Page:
I’m noticing a theme here, one that showed up in my journal in a startling way. I started the journal to explore why I was reluctant to cut into my stash. Why do I hoard and collect fabric and color only to hesitate to cut into it? What is the point of a stash that won’t give way to creation? And here’s what I wrote:

Maybe it’s not breaking-up the collection as much as the fear of doing something that isn’t good enough! Good enough for whom? Wow! Who am I trying to impress?

Quilting is a hobby, a break from the stress. I need to stop building pressure into it. Who wouldn’t want to avoid two days of evaluative play time? How can I enjoy myself if I have hidden agendas about what it means and what the results should be? I don’t plan to teach quilting. I’m not planning to enter contests. It’s just supposed to be fun?

Am I resisting fun?

There was a time in my life, before going to graduate school when I made a point of taking a fun break every week. It might be a day to go look at fabric, or a museum, breakfast out, and coffee, meet with a friend. Spend time on crafts. Try new recipes! Read a book! There were lots of choices. I even kept a journal about the ways to keep fun in my life. Go back to the past when I intentionally included fun in my life. I’ve gotten too far away from it. Fun has become expendable.

I feel so stressed at the moment, that I feel like I want to get more of a handle on things before the retreat. I think if I plan play with the idea a little bit more, taking a few minutes each day for the next week, I might enjoy it more. I can find patterns and fabrics I want to explore. I can take a little more time to write about what I want to try. I can focus on process instead of product, and exorcise some of the crazy anxiety that I seem to have about somehow “doing it right,” whatever that means.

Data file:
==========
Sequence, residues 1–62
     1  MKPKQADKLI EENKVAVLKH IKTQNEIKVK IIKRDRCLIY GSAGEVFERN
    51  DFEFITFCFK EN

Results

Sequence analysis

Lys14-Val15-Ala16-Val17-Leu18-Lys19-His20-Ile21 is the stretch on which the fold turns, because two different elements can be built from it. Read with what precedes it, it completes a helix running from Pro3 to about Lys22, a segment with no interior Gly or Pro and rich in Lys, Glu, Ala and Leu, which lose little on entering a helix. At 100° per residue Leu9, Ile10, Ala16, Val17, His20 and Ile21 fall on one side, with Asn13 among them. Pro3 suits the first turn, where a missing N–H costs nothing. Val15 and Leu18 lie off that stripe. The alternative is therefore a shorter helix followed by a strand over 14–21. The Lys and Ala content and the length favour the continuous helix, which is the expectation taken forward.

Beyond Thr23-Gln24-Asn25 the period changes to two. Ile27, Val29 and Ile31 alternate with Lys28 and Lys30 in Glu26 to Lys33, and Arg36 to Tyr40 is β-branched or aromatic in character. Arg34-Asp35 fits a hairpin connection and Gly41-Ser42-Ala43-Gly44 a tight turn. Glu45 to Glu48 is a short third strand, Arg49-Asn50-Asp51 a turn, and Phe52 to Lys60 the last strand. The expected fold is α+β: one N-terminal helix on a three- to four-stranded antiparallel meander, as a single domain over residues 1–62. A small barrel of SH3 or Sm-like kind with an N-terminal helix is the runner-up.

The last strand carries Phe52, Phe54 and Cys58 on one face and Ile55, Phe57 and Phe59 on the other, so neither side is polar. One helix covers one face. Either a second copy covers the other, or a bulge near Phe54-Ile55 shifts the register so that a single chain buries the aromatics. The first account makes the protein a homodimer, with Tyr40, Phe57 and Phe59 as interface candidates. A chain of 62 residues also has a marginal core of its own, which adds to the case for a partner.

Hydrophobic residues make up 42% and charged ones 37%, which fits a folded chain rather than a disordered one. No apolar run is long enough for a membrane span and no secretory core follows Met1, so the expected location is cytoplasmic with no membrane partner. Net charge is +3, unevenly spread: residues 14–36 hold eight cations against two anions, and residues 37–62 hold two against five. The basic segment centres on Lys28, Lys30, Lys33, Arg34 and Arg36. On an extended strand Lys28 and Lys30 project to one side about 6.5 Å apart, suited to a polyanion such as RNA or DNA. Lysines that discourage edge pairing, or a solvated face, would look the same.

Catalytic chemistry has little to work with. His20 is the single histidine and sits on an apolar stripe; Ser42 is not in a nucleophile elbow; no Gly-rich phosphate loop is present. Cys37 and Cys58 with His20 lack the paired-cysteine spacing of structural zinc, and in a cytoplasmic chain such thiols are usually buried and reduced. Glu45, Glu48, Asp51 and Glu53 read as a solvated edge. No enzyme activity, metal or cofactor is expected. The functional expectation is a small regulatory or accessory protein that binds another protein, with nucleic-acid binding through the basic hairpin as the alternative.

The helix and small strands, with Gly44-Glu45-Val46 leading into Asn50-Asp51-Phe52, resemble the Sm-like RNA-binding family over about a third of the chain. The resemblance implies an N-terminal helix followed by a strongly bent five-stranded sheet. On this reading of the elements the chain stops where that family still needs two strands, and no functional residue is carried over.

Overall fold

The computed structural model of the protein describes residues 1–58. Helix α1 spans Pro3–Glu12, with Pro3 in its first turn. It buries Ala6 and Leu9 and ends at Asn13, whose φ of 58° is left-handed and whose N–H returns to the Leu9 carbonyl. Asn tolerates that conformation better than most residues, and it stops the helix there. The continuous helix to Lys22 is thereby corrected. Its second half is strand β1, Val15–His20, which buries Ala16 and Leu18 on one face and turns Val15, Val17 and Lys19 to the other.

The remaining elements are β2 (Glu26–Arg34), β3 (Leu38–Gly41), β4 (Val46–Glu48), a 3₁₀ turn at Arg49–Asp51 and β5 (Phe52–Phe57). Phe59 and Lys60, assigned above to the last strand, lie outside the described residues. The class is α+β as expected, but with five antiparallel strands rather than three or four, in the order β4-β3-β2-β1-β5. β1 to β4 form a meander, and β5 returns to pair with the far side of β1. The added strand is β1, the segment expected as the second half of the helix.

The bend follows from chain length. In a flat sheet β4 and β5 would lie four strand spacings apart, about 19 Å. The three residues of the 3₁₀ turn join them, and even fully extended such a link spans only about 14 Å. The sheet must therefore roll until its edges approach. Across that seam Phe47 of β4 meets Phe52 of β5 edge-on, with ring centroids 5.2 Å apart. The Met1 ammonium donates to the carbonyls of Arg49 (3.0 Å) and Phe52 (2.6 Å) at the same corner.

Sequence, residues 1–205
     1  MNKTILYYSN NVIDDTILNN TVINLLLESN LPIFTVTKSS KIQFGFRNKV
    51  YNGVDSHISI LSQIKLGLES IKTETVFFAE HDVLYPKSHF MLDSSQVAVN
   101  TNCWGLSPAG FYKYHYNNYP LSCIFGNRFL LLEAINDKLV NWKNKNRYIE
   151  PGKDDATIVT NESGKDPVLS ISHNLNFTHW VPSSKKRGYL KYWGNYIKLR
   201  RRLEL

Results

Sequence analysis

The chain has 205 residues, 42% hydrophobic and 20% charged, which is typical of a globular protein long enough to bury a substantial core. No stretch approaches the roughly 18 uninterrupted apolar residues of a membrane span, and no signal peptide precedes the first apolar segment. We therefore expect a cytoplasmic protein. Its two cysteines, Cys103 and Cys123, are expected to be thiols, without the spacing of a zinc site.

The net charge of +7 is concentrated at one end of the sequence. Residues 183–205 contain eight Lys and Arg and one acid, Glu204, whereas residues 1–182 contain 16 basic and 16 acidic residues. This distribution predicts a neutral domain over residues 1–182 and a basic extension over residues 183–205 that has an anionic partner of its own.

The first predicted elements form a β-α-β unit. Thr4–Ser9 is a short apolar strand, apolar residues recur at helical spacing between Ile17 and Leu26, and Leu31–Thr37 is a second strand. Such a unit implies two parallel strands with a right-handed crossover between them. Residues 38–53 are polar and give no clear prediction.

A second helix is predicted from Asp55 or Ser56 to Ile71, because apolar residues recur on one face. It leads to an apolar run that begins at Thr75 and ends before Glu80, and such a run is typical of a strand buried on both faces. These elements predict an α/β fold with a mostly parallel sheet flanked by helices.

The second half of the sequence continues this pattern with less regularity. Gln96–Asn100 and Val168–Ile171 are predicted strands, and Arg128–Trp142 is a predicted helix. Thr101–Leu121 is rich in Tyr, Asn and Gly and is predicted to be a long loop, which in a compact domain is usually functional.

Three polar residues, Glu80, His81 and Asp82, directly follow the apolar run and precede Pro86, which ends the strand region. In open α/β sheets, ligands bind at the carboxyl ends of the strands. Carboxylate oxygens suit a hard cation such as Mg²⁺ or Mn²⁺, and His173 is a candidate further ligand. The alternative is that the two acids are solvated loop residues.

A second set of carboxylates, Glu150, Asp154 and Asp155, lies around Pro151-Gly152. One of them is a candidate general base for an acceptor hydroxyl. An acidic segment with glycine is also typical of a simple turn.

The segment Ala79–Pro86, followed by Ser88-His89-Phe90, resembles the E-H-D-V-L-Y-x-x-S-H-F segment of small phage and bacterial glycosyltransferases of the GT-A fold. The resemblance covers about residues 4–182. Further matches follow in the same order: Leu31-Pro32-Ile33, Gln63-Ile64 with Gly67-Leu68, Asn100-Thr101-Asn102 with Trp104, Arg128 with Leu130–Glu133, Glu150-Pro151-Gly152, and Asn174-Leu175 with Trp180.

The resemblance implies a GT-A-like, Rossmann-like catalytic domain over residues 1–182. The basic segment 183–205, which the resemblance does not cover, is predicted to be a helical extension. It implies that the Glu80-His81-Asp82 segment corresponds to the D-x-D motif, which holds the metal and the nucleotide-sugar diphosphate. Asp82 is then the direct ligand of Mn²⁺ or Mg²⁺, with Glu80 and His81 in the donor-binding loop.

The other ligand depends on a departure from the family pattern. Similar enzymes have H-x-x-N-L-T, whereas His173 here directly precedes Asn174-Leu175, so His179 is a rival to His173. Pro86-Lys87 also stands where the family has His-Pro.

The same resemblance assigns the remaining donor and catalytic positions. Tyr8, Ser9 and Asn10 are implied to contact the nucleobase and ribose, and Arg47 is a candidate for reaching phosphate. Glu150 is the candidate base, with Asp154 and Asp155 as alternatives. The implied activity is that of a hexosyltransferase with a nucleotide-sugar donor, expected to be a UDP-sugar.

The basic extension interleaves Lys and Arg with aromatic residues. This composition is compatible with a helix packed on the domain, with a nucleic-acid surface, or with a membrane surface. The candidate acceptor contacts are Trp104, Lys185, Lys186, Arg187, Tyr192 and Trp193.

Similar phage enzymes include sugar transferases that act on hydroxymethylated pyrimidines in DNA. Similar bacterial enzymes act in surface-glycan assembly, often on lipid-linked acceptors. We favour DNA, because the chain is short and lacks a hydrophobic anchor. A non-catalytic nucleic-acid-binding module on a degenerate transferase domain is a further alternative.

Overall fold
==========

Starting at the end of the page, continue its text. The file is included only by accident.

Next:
If you’ll excuse the pun,it becomes important to “patch” up my relationship with quilting. I have many good memories associated with it. It’s time to recapture those, and figure out where all this negativity is coming from. I have left quilting behind several times, and it always draws me back. Now that I’ve made these discoveries, another week might allow me to approach the quilting retreat with a more playful attitude. I can take time to determine what quilting activities I want to do, what fabrics I want to use, look through patterns. Get a little more self-directing about what will happen while still maintaining the fun and spontaneity. The last thing I need right now is one more thing on my to-do list. That is not the role I want quilting to have in my life.